KATRINA OWENS The Standard
KAWARTHA: City councillors decided what they’re worth, monetarily speaking, last week, at the November 28th regular council meeting. They chose to receive annually, about $10,000 more than what they’re currently receiving.
This decision arose after the city announced the slashing of its 16 wards into eight.
Many of the councillors seemed to be on board with the ward adjustment, which won’t take place until 2019, but weren’t to keen, over not being compensated for the extra work.
There were three options on the table: Number one would pretty much keep everything status quo, with the current base salary of $26,632 and a $3,600 car allowance; number two would include a $5,000 pay increase in the base salary and include the car allowance, meaning councillors would be paid $35,995; and finally, number three would include a hefty pay increase of $10,000.
Regarding option one, Councillor Gord Miller said he wasn’t impressed with the proposal.
“It’s borderline insulting,” he said. “I’m speaking against it! The thing about politics is, people tend to think it’s a volunteer job, and it isn’t. We have to be realistic.”
Councillor Stephen Strangway echoed Councillor Miller, and said he thought more information couldn’t hurt.
“It’s an important decision, because it’s what you’re expecting to get paid from your job,” he said. “I hope we don’t make a decision, and it not reflect what we want. I think we need more time.”
Mayor Andy Letham was none-to-pleased with such comments, as, according to him, city chief administrative officer, Ron Taylor and team did an exceptional job gathering details.
However, not all of the councillors were interested in receiving a raise, or making the job seem more appealing to future council-hopefuls.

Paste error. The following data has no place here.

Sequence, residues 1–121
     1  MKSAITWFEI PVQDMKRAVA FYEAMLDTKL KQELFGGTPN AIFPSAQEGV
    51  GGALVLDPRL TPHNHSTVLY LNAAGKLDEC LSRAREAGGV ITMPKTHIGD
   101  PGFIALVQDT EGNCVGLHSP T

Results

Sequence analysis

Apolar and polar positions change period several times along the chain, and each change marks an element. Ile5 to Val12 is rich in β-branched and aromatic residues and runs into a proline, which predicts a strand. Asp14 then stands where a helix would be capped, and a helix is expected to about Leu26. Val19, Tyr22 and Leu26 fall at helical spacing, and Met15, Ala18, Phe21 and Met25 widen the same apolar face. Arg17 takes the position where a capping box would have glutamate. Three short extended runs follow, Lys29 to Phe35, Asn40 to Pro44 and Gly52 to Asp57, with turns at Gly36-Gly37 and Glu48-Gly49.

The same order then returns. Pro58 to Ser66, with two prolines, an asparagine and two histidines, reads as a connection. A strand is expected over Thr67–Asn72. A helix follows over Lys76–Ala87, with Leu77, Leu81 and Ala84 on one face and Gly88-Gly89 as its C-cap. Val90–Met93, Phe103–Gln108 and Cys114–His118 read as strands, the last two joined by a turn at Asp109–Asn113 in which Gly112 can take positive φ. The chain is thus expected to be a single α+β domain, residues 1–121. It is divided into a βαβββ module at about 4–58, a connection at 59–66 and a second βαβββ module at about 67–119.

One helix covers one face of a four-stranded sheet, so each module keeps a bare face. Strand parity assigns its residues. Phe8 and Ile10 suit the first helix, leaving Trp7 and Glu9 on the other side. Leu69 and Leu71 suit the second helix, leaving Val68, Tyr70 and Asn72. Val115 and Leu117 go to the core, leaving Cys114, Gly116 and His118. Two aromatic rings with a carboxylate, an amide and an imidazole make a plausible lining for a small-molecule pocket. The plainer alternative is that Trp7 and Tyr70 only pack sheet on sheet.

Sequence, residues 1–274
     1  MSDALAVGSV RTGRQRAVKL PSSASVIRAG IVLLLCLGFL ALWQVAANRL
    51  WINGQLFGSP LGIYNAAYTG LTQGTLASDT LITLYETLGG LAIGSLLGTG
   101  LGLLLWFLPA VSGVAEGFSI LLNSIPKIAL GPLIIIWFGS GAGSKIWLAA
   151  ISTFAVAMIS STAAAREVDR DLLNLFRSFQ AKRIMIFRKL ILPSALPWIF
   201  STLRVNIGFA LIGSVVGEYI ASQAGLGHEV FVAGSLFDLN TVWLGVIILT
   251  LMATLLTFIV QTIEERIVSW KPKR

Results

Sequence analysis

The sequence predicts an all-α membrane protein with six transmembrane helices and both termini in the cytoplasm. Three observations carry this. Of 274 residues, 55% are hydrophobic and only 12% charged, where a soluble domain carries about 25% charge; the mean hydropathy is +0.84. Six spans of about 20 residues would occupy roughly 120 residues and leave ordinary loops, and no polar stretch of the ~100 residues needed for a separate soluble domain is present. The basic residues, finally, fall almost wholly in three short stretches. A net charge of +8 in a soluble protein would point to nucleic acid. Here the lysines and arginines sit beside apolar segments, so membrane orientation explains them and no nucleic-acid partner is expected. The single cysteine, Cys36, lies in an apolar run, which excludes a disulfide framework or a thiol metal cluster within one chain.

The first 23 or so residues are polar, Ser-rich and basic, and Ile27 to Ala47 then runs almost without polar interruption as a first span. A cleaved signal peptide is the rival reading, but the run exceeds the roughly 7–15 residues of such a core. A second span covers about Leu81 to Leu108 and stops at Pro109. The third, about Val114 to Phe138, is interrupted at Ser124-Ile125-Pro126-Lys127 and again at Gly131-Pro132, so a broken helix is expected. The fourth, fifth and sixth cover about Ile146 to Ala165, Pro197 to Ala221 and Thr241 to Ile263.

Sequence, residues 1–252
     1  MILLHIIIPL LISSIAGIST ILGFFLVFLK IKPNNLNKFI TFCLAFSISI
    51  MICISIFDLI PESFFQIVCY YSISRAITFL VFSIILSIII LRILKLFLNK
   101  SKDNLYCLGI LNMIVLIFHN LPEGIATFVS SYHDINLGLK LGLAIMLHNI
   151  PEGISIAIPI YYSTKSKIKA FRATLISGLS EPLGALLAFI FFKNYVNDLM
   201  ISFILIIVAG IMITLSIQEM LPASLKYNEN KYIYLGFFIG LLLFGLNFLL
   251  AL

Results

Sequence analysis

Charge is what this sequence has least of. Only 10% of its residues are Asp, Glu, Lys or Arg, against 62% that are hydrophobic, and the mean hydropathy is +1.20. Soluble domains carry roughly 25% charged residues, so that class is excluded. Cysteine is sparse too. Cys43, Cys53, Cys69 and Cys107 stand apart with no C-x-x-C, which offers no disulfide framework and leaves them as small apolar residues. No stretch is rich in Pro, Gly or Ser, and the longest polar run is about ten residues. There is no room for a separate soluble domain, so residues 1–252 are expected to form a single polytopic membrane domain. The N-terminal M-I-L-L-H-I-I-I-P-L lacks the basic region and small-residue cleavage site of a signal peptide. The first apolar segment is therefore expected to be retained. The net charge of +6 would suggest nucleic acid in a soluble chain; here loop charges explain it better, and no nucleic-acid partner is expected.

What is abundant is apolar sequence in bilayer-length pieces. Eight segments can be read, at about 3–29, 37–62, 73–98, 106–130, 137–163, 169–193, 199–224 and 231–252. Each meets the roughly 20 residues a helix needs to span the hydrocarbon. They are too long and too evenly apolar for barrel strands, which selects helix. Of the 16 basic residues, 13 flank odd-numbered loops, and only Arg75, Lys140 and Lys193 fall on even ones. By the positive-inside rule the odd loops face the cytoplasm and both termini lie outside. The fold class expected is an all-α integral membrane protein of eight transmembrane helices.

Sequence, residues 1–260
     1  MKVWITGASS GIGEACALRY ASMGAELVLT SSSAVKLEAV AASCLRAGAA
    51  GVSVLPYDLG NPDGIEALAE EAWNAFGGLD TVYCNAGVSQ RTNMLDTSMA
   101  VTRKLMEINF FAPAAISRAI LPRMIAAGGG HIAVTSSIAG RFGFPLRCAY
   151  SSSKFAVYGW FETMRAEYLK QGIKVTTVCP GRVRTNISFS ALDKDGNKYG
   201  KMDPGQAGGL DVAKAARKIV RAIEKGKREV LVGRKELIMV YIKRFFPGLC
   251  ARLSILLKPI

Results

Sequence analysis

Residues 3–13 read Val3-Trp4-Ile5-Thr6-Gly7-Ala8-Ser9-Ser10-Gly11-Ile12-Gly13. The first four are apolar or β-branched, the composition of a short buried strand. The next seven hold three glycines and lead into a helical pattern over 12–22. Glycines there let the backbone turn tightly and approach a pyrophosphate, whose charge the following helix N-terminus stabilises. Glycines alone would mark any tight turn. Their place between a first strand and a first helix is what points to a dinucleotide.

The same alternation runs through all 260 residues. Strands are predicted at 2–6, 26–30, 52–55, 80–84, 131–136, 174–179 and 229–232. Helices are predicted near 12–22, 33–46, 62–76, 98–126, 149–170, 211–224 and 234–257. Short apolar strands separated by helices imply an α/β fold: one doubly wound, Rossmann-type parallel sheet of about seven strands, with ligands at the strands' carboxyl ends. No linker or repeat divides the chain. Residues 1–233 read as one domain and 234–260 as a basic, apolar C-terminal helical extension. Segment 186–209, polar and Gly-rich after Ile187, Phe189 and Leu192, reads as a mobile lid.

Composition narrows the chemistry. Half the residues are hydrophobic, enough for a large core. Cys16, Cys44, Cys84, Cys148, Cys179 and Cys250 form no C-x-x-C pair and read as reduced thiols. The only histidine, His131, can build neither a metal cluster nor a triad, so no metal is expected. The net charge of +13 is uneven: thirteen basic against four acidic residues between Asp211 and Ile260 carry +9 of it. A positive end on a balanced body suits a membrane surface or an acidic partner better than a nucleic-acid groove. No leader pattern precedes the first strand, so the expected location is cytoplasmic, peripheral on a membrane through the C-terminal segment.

“We’re not concerned about getting better candidates, we’re concerned about putting more cash in our pockets, so at least admit that, when you make your decision,” said Councillor Pat Dunn sarcastically.
After such a comment, the debate started to get a little heated.
Councillor Mary Ann Martin shot back, warning Councillor Dunn not to make assumptions.
“I take insult to what you just said, about us sitting around here and trying to put money in our pockets, I find that very insulting!”
On the other hand, Councillor Emmett Yeo openly admitted to wanting more money for the changes happening next term.
“I found it spoken by a man who is on a fixed pension and can't afford to do this for what they pay, I’m not ashamed to stand up and say ‘yes’. If I’m going to do this job next term, given the new responsibilities, then I’m going to need more money, because I’m going to be giving up my business, because it will take that to do this job.”
The added responsibilities Yeo referred to, include: more committee meetings, ceremonies, grand openings, an increase in constituents, and a much larger ward territory.
Councillors ended up opting for the third option, with a 10 – 7 vote. The new remuneration won’t take effect until 2019, and will actually be cheaper for residents despite the increase, which amounts to about $1.50 per resident.
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